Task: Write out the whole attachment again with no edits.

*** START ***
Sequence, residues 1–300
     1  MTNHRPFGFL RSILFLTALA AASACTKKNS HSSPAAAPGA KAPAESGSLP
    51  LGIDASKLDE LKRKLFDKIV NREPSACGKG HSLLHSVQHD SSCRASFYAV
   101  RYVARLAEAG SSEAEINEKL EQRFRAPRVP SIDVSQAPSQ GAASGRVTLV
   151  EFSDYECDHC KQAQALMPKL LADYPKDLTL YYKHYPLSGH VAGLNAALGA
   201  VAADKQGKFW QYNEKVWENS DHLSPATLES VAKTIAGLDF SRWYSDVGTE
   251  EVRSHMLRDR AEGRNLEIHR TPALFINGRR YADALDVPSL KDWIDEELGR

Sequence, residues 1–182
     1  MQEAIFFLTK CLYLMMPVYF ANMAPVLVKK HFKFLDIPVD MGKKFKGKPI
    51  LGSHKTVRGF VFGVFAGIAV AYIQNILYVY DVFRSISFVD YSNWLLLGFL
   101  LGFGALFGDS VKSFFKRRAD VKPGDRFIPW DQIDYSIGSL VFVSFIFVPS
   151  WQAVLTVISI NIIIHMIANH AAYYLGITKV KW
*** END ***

Sequence, residues 1–300
     1  MTNHRPFGFL RSILFLTALA AASACTKKNS HSSPAAAPGA KAPAESGSLP
    51  LGIDASKLDE LKRKLFDKIV NREPSACGKG HSLLHSVQHD SSCRASFYAV
   101  RYVARLAEAG SSEAEINEKL EQRFRAPRVP SIDVSQAPSQ GAASGRVTLV
   151  EFSDYECDHC KQAQALMPKL LADYPKDLTL YYKHYPLSGH VAGLNAALGA
   201  VAADKQGKFW QYNEKVWENS DHLSPATLES VAKTIAGLDF SRWYSDVGTE
   251  EVRSHMLRDR AEGRNLEIHR TPALFINGRR YADALDVPSL KDWIDEELGR

Sequence, residues 1–182
     1  MQEAIFFLTK CLYLMMPVYF ANMAPVLVKK HFKFLDIPVD MGKKFKGKPI
    51  LGSHKTVRGF VFGVFAGIAV AYIQNILYVY DVFRSISFVD YSNWLLLGFL
   101  LGFGALFGDS VKSFFKRRAD VKPGDRFIPW DQIDYSIGSL VFVSFIFVPS
   151  WQAVLTVISI NIIIHMIANH AAYYLGITKV KW